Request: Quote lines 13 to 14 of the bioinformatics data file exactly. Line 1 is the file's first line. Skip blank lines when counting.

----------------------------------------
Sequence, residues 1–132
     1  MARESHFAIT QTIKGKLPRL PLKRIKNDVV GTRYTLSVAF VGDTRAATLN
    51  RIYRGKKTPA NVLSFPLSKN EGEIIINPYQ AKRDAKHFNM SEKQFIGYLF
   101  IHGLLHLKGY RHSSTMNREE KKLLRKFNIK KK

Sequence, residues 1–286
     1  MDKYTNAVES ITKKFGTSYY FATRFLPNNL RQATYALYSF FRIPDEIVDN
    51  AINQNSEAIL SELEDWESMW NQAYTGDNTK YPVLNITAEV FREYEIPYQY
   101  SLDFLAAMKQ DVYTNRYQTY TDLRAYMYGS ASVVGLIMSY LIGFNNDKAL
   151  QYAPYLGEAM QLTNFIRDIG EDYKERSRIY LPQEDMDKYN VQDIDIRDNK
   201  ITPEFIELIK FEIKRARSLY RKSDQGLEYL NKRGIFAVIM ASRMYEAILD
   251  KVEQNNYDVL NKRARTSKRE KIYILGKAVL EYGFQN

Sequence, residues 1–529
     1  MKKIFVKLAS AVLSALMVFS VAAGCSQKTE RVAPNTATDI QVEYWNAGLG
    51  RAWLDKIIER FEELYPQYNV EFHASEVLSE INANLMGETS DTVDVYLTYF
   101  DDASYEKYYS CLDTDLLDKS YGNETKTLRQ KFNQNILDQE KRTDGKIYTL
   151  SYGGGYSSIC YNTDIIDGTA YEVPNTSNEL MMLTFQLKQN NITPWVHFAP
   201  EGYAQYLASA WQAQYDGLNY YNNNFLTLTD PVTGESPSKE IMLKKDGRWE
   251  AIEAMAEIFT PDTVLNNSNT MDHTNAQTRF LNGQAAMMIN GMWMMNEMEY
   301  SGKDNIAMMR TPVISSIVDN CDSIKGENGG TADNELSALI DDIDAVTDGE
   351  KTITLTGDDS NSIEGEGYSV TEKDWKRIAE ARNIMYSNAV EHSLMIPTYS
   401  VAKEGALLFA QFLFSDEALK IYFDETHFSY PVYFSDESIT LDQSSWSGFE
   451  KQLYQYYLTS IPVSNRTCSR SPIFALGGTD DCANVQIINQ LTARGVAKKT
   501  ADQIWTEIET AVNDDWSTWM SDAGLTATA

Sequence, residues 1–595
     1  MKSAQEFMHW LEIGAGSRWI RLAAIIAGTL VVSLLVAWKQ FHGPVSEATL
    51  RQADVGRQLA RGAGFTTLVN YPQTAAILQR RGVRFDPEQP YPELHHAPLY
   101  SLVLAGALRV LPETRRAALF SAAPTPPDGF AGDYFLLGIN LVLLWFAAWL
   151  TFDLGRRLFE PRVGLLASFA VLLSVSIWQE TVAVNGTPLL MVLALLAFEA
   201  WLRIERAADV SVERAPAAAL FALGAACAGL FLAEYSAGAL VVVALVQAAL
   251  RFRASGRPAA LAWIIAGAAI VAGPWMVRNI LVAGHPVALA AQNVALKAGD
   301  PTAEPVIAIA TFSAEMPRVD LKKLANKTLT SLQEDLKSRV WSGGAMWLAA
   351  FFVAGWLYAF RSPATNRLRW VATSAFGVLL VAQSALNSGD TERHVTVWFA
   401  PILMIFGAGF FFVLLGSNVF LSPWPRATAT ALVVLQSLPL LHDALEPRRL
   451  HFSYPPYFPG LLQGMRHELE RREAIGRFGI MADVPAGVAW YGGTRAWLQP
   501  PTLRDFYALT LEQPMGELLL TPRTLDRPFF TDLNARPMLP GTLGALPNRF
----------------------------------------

     1  MKKIFVKLAS AVLSALMVFS VAAGCSQKTE RVAPNTATDI QVEYWNAGLG
    51  RAWLDKIIER FEELYPQYNV EFHASEVLSE INANLMGETS DTVDVYLTYF